History And Health Issues In Everything Is Broken By Emma Larkin

1095 Words 4 Pages
I have always followed world events, needing to know what is happening in the world is important to me. Therefore, when natural disasters occur, I am following the unfolding situation. However, on May 2nd, 2008 a catastrophic cyclone hit Myanmar, killing over 100,000 people in a small area of the country. Everything is Broken by Emma Larkin recounts the events of that day through the stories of survivors and explores the historical and political implications that lead to the blockade of humanitarian aid. The purpose of this paper is to explore how this book contributed to my learning, the issue of human rights and health, how history and politics can influence health issues and how this novel has expanded my idea of to work with countries whose …show more content…
This sets the reader up for an understanding of the historical and political climate the general ruler Than Shwe was raised in and how foreign powers may have created distrust in the ruling party. Larkin also explains recent events that highlight human rights violations, such as the massacre of monks who protested for democracy in 2007. The final section begins to put the pieces together from part two. Now that the read understands the historical context behind Myanmar’s current history, there is a better understanding as to why to government reacted the way that it did. The military junta feared that allowing aid agencies into the country would spark a revolution (similar to 2007) or there would be an attempt to overthrow the government by the “Western” powers to continue the spread of …show more content…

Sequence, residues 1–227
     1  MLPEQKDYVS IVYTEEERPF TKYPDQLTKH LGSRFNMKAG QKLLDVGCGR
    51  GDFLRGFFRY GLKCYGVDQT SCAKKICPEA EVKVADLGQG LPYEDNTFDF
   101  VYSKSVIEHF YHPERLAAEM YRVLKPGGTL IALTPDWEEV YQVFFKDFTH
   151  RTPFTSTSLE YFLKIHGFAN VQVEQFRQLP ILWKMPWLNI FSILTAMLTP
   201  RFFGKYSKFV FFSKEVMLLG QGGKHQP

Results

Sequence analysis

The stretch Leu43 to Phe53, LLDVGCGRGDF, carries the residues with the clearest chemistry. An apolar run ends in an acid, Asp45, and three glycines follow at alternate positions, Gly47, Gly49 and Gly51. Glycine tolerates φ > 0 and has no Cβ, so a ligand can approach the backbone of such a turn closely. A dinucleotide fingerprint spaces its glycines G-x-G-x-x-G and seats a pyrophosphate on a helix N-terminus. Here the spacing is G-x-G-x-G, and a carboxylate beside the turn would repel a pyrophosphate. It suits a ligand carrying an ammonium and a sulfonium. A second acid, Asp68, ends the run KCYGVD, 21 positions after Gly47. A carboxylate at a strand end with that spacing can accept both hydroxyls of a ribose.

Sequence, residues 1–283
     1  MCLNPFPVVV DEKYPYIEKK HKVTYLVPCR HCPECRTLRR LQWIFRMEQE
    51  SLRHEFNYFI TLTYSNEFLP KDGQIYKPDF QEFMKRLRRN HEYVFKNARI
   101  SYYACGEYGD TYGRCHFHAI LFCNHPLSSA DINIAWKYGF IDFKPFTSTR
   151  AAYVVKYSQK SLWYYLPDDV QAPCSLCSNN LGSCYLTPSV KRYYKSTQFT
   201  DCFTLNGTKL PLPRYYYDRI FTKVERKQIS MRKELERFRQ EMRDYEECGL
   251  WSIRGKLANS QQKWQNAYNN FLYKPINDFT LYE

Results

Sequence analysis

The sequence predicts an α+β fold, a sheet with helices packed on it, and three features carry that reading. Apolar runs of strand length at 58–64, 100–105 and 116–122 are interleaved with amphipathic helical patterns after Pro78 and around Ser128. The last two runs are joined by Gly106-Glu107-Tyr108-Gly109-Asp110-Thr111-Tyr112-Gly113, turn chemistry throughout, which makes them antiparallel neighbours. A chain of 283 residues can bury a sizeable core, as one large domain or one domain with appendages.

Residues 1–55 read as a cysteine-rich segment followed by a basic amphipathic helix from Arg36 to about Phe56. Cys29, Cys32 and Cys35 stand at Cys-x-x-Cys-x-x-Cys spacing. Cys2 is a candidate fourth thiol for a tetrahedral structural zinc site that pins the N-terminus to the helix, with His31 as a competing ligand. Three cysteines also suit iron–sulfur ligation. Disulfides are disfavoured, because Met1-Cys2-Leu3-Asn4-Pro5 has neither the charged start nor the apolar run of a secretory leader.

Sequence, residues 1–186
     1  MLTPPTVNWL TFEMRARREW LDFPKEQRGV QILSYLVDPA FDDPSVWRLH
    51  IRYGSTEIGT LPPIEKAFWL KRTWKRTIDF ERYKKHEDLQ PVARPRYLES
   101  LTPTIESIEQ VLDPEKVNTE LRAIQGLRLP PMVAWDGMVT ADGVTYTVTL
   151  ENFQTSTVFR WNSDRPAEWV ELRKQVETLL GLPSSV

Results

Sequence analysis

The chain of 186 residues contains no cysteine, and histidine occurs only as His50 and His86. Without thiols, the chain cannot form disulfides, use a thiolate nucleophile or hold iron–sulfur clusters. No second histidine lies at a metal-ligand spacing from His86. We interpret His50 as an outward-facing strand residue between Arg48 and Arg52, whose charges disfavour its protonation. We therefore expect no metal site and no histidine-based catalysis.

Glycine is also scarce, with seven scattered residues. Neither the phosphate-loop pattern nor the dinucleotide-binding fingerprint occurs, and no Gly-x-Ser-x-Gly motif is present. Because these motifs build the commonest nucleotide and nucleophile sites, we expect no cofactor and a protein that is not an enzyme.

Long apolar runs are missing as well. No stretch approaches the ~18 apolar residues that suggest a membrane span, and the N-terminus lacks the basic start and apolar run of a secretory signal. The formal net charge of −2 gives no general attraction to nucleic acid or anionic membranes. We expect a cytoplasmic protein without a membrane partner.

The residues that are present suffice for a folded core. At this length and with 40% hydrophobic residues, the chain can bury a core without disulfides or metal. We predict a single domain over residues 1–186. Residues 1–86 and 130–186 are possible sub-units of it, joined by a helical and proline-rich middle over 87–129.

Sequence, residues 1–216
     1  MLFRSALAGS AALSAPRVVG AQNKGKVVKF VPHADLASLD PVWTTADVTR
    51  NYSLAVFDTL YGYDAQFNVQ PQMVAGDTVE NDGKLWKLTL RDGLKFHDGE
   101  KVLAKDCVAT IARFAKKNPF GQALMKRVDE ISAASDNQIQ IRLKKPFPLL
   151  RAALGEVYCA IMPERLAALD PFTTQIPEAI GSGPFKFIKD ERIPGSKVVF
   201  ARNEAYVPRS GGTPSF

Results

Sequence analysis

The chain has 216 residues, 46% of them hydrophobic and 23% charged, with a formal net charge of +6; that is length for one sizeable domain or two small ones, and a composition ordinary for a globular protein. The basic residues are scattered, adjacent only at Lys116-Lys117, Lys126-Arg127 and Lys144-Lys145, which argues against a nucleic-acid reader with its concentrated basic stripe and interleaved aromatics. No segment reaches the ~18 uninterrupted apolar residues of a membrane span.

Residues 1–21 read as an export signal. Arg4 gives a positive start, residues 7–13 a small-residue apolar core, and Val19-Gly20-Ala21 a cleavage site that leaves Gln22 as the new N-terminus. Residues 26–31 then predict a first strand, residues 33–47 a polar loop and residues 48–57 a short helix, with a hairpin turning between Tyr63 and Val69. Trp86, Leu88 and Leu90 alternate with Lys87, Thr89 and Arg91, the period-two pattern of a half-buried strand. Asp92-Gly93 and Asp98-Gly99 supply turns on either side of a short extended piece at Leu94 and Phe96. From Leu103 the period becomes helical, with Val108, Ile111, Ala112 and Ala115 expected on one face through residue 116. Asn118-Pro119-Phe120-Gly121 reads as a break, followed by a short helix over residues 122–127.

The issue of lack of access to humanitarian aid (medical care) to the affected area was a violation of human rights. According to the United Nations Human Rights Declaration, article 25 states, that everyone person has a “standard of living adequate for health,” this includes “food, clothing, housing and medical care.” When the military junta denied access to humanitarian aid, they denied the basic essentials to human rights. This was an area of the country that lived and survived off the land, the cyclone destroyed not only houses but also livelihoods. There was no support from the government to rebuild the lives for the people; many had to live in extreme poverty months after the cyclone. Human rights and health was also highlighted during the government’s reaction to the monk protest in 2007. Many protesters were injured when the military began to shoot and beat the protesters. Larkin explained that those wounded who were not arrested, feared to seek medical help, as they would have been arrested once they arrived at the hospital. Larkin also discussed that those were sent to detentions centers did not fair well either. She recounts a story by one of the prisoners that many people died because they did not receive medical care for their wounds. Regardless, if the protesters broke the law, they still had a right to access to medical

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